Putting Performance
Goals

Every goal start with a single step.


IN SHORT

To achieve your Putting Performance Goals you must lay down in detail the route to achieve it.



Plan for Success

Every professional golfer begins each new season with a set of goals for the year’s performance. To do otherwise would be to set out on a journey without a firm destination in mind.

They tend to divide their goals into technical performance, mental performance, physical performance, and course management.

To the weekend golfer goal setting has a lesser importance, and rightly so for golf is a recreational activity and not your job.

The only time you need to be bothered with goal setting for improving your putting is when your frustration has reached a level that you are now determined to do something about it.

Otherwise the system of handicapping takes care of your diminishing ability.

Essentially it is a summation on how to dedicate yourself single-mindedly to a cause. Years before Chinese philosophers noted that the road to achievement begins with a single step.


Improvement Cycle

In simple terms, it all boils down to what Steve Bann, a world-rated Australian golf coach, calls the Improvement Cycle:

  • You start by making an honest assessment of your current performance,
  • then you set a realistic goal of what you can achieve in a certain time frame.
  • Next you put in place certain activities to achieve that goal,
  • then at regular intervals you reassess your progress.


Building Blocks

Each of your goals should cover one of the building-blocks that leads to good putting – setup, aiming, stroke, and the other performance skills described in the web site.

The idea is to do 12 improvement cycles in a year so you build your improvement in each specific skill area one small step at a time.

For example, you may have separate goals for:

  • using a pre-putt routine.
  • improving your mental focus in respect of your self-talk.
  • getting closer with your distance putting.
  • making more putts within three feet and so on.


New Year Resolutions

A word of warning is in order. Goal setting can be a bit like New Year resolutions. They are made with good intent, but are exceedingly difficult to keep and very soon they fall into neglect.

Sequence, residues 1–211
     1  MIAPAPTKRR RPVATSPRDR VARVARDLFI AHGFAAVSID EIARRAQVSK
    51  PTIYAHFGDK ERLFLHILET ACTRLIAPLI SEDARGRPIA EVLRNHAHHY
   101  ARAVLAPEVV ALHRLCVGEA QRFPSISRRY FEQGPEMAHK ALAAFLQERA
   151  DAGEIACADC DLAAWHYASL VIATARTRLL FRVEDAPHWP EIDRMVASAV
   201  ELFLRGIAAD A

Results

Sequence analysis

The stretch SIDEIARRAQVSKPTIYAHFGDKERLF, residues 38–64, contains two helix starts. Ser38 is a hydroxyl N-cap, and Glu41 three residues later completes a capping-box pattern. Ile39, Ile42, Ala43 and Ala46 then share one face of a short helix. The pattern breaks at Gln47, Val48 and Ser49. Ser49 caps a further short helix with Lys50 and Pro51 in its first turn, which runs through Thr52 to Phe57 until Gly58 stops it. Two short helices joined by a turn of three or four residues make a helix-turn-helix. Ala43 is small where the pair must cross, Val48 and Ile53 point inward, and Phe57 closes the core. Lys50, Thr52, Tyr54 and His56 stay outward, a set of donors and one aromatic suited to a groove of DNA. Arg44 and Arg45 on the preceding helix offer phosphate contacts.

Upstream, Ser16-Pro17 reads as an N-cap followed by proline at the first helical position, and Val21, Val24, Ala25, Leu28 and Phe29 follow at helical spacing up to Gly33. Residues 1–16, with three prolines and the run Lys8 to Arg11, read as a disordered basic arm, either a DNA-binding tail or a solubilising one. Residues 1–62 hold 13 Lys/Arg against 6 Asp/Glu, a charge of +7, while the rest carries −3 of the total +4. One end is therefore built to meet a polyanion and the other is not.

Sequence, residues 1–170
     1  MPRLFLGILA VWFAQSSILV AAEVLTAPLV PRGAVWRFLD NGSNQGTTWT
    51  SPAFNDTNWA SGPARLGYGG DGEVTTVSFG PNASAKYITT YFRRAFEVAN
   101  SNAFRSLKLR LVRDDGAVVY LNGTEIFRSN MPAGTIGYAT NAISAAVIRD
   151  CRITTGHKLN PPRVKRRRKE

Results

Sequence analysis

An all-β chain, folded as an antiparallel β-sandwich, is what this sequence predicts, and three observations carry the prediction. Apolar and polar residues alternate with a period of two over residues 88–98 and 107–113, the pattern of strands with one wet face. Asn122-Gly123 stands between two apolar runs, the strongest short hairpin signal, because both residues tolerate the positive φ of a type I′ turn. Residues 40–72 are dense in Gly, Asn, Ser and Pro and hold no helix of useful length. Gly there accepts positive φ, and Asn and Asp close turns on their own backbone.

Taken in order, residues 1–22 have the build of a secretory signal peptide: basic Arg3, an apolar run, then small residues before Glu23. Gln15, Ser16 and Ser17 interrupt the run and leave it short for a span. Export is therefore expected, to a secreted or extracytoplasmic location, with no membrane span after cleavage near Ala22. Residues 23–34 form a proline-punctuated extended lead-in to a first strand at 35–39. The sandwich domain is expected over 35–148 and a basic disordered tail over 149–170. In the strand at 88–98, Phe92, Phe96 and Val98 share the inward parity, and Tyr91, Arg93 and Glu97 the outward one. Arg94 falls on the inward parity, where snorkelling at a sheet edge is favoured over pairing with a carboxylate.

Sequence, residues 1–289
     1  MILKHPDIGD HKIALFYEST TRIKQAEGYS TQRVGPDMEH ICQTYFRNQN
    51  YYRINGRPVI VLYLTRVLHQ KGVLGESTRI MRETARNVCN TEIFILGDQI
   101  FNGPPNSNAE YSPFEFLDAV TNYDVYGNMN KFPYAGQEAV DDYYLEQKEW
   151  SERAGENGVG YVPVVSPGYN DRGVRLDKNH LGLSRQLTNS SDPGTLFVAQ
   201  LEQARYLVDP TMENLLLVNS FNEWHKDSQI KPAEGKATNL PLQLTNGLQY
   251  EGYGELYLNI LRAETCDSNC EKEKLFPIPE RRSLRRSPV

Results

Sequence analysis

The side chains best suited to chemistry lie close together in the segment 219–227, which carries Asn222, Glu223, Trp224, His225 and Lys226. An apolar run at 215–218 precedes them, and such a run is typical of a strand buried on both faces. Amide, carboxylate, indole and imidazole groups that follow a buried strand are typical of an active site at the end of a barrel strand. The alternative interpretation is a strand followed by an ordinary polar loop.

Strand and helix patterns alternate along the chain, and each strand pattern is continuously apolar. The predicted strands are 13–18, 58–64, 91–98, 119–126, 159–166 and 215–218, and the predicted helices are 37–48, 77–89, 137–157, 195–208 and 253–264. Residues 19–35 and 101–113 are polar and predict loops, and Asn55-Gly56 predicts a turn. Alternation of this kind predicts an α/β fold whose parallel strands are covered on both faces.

My advice would be to work on one thing at a time and make steady progress until you reach your goal. Then move to the next goal.


Putting Performance Goals

Keeping your Putting Performance Goals in view acts as a constant reminder. Michael Anthony in his The Mental Keys recommends that you write down your goals on index cards and review then daily.

By committing your intentions to paper you improve your chances that you will stick to your plan.

Your overall goal may be to reduce your handicap by five shots in 12 months. To achieve this you should have a number of performance or progress goals:

  • these can be improving the percentage of times you up and down from off the green.
  • the number of times you hit the green in regulation at the par threes each round and so on.


Good Putting

Good putting is a reflection on how well you do a number of things. It is more than just putting a pure stroke on the ball:

  • being unfit harms your putting as an elevated heart rate affects how still you can stay over the ball.
  • the better you are able to chip, the shorter will be the resulting putt.
  • the fewer times you mentally beat up on yourself, the more you maintain your focus.


Desire is Not Enough

Goal setting is not for the faint-hearted. It takes motivation and dedication to stick to your task. Otherwise it is an exercise in day-dreaming.

Nobody putts well simply out of a desire to putt well:

  • It takes a solid foundation of the mechanics.
  • It takes goal setting to lay down a plan of action for improvement. 
  • It takes time and effort to practise the activities that will lead bit by bit to the attainment of your goals.


Only you can decide how badly you want something.


back to top



Return from Putting Performance Goals to Pressure Putts

Make More
Putts

Discover HOW?